Affordable Housing

California law makes it possible to require developers to build affordable housing — can it happen in NYC?

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At the stroke of midnight last week Monday, the laws protecting more than two million rent controlled and rent stabilized New York City apartments expired, causing panic in a city deeply burdened by the cost of rent and reeling from the out-of-control cost of living. And with market rate apartments across the city reaching fever pitch (with the average Manhattan rental costing over $4,000, up more than 4 percent from this time last year, according to data from brokerage firm Douglas Elliman, what's a New Yorker to do? Head for California?

They might. According to the Los Angeles Times, the state’s Supreme Court ruled recently that developers must include below-market and affordable units in order to get a building permit. The state’s highest court ruled that the crisis has reached “epic proportions” over the last few decades and has stepped in to take control, giving cities and counties another option for addressing the problem. That’s all well and good for Californians, but what does that mean for New Yorkers some 3,000 miles away?

 “In New York, affordable housing has always been an issue,” Kamilla Sjödin, the Associate Director of Housing Law with New York Legal Assistance Group (NYLAG) tells us. And the problem has deep roots. “We don’t really have a definition of what affordable housing is – it could be 40 to 50 percent of your income or even more, which in and of itself is an issue that should be dealt with.”  
As it stands, New York developers are given tax breaks to include some affordable units in market-rate buildings. But even so, only a handful of units are offered below market rate, and some, like Extell’s now-infamous high-rise development in the Upper West Side, comes with controversial provisions like “poor doors.” But it’s not completely hopeless.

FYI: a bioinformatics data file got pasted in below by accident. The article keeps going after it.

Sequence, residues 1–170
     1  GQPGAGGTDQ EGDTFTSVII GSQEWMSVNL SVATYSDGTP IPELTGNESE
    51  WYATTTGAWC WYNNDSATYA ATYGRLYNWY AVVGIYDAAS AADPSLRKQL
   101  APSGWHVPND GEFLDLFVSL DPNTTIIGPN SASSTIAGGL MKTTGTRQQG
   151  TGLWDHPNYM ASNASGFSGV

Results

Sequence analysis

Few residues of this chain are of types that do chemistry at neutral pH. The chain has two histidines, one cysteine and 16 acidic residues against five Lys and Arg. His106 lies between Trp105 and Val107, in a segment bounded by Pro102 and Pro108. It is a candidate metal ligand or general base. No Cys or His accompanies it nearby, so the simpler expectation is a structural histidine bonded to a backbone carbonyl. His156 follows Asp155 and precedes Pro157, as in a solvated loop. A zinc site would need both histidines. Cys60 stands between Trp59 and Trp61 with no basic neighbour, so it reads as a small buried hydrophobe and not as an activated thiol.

Mayor Bill de Blasio famously ran for office equipped with a robust housing plan to create 200,000 units of affordable units in the next 10 years, but it is, at best, a plan, and not a law—yet. Part of the mayor’s plan is to create a mandatory inclusionary housing program to incentives developers to create more affordable housing (it’s currently voluntary to developers in exchange for very favorable tax breaks), but much of the battle now is over getting Albany to re-instate the expired rent stabilization laws.
New York has a lot to learn from other cities like those in California, and around the world. Earlier this summer, lawmakers in Berlin passed the first-ever “rent cap,” making it illegal for landlords to charge more than 10% above what other longtime tenants are paying. The idea is to keep the German city’s thriving creative class as is, without driving them to the outskirts with higher rent. “The lack of affordable housing is a human rights issue,” Sjödin says, adding that it hurts poor and immigrant families the most. 
“Families have to move every single year, communities are disrupted, there’s no continuity in education, it’s quite traumatizing,” she adds, noting many families who are forced to relocate again and again against the waves of gentrification to avoid high rents. “Here you have generations of people who have lived in a particular neighborhood that they helped build and they’re getting priced out,” she adds. “I don’t know why only rich people get to decide where they live.”
REBNY and the Department of Buildings did not immediately respond to BrickUnderground’s request for comment.

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